<img src="//bat.bing.com/action/0?ti=5037995&amp;Ver=2" height="0" width="0" style="display:none; visibility: hidden;">

Have Your Say: If the Team is Winning, Does Individual Performance Matter?

It can be an agonizing decision for a coach when he or she has a player in a slump. Do you let the player try and play through it? Or do you decide to let them sit out a game or two to take a mental break?

The choice becomes even tougher when it’s a team’s best player. Logic dictates that a player with a proven track record of success will eventually get over it. But is that fair to the rest of the team? Even if the team is still winning through that player’s struggles, shouldn’t other players get the chance to show what they can do when someone is underperforming?

The Houston Rockets were facing that exact challenge in the Western Conference Finals against the Golden State Warriors. After leading the league in 3-pointers during the regular season, James Harden tied an NBA record in Game 5 by missing his 20th three in a row. He was 0-11 in the game, and missed his last nine in Game 4.

Harden had a simple rejoinder: “Who cares?”

It’s an interesting question. The Rockets won Game 5 to take a 3-2 lead in the series, so clearly Harden’s teammates are picking him up. Plus, Harden is a defensive machine who can contribute in other ways. That’s fine for a sport like basketball, but what about in a sport with more one-on-one matchups like baseball? A player’s struggles at the plate could have an even greater negative impact.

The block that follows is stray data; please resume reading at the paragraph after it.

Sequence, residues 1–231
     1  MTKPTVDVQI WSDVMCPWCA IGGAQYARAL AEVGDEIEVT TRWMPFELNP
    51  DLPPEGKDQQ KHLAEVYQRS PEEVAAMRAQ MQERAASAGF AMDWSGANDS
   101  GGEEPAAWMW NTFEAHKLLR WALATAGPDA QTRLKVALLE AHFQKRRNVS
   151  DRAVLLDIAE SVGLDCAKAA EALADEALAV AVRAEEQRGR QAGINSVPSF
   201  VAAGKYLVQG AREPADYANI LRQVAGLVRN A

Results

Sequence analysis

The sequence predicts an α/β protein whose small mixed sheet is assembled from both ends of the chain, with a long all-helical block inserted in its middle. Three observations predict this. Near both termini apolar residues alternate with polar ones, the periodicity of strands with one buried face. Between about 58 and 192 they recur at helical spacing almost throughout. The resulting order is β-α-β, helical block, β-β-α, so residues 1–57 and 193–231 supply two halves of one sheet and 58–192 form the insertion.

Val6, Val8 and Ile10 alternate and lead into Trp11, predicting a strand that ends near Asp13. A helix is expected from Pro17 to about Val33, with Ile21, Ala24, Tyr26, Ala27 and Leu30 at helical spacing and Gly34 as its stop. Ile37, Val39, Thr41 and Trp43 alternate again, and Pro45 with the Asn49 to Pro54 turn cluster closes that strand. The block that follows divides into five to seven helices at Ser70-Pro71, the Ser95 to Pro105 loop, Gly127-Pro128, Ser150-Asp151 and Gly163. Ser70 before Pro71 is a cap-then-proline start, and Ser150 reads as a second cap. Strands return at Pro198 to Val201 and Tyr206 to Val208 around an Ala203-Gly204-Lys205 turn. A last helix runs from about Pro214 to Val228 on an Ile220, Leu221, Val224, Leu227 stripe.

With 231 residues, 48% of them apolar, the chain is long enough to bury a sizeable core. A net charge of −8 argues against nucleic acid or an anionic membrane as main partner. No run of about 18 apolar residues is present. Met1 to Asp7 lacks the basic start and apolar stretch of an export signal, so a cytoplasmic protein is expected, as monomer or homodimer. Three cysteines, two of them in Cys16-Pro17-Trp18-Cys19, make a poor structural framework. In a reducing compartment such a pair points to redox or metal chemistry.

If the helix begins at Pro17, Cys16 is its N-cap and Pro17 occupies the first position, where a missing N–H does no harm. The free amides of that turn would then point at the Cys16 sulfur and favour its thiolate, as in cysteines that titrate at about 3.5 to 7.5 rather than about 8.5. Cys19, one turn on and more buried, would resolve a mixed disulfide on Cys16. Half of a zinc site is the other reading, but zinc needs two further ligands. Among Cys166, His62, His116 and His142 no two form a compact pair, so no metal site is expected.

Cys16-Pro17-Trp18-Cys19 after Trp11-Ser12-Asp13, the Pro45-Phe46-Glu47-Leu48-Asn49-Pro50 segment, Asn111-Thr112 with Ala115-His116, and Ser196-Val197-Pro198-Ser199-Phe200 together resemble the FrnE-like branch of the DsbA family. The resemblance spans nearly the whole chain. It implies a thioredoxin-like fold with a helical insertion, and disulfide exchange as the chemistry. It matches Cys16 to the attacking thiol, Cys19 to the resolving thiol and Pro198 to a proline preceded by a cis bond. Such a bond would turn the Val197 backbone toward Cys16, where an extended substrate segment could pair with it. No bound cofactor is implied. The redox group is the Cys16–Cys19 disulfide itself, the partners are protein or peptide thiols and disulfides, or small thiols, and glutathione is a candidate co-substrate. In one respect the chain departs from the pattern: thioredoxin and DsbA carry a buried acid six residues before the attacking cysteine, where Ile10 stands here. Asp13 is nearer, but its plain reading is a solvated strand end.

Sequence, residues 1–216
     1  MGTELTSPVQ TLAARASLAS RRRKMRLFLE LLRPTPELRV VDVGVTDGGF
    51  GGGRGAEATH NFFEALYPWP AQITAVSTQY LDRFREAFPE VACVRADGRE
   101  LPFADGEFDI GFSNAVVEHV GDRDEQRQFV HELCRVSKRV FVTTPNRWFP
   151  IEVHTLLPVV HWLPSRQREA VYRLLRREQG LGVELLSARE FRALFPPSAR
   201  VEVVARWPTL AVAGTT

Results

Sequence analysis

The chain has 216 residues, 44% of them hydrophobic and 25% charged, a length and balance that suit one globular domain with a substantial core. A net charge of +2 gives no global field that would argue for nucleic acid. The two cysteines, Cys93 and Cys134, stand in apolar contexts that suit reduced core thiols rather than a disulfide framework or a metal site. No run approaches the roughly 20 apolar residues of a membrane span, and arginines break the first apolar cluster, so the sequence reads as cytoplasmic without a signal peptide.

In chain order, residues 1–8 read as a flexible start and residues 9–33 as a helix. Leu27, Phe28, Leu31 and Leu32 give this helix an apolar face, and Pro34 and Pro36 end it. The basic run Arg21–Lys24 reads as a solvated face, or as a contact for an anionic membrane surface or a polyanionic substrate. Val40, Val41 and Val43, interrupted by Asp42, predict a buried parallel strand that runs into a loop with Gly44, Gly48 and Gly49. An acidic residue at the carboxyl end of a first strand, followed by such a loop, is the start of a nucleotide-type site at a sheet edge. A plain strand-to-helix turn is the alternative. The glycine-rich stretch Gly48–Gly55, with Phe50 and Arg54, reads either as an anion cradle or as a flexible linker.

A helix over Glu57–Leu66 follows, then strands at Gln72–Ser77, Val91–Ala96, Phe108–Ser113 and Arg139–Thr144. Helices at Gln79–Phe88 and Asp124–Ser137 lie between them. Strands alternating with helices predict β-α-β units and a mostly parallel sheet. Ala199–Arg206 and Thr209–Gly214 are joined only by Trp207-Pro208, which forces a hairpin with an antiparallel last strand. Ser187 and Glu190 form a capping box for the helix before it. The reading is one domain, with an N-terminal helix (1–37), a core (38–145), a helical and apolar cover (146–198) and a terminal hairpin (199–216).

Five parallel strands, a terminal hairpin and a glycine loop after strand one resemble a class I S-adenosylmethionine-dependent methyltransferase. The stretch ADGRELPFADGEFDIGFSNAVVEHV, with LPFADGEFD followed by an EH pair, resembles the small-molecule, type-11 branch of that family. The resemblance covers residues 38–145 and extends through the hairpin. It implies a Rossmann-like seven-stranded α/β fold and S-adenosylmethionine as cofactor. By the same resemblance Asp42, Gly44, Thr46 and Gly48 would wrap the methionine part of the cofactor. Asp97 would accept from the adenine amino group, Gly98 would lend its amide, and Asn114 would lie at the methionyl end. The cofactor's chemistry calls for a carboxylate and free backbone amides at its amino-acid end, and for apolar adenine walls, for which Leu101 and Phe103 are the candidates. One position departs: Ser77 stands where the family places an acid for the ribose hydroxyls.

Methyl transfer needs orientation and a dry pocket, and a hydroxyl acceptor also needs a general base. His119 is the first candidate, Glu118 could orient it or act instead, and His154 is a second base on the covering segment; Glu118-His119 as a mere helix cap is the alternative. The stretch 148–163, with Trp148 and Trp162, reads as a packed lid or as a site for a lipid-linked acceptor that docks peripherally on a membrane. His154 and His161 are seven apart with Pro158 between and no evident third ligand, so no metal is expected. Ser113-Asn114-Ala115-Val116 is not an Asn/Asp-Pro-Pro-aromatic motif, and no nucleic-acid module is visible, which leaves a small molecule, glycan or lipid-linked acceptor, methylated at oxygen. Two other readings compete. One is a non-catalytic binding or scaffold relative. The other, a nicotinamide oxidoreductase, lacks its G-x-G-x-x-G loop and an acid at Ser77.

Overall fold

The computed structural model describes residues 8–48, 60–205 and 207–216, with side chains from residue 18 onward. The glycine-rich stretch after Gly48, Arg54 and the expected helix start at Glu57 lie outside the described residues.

So should a coach sit a player down, or at least tell him to alter his game? Or is that all wrong...is Harden right? If the team is winning and the player is contributing in other ways, should we care about the negative impact and how much playing time they get?

What’s your take?

Take 1: If you’re winning, it doesn’t matter

At the end of the day, it’s all about the W. Players deserve the chance to work it out, especially if they’re established performers. There is something to be said for chemistry and leadership. Even if a player isn’t making shots or getting hits, just being out there can help and influence the team. Coaches need to keep those intangibles in mind as well. Stick with what’s working, even if an individual isn’t clicking.

Take 2: Give other players a chance

If a team is winning, that’s a good problem to have. It’s a perfect time to give a struggling star player a rest and let some other players have an opportunity. Sometimes you’ll need the stability of your superstar, but in most instances, it’s an opportunity to see what else your team has. Let the player’s teammates pick up the slack and step up.

So is winning all that matters? If your team is winning despite the performance of your best player, do you stay with that player despite their challenges or do you see that as an opportunity for someone else to step up? Have your say in the comments below.

From GameChanger and Todd Kortemeier

Weigh in on some of our other discussions here.

Youth sports, have your say, sport parents, Coaches and Parents, amateur sports, high school sports, ethics in sports

Comments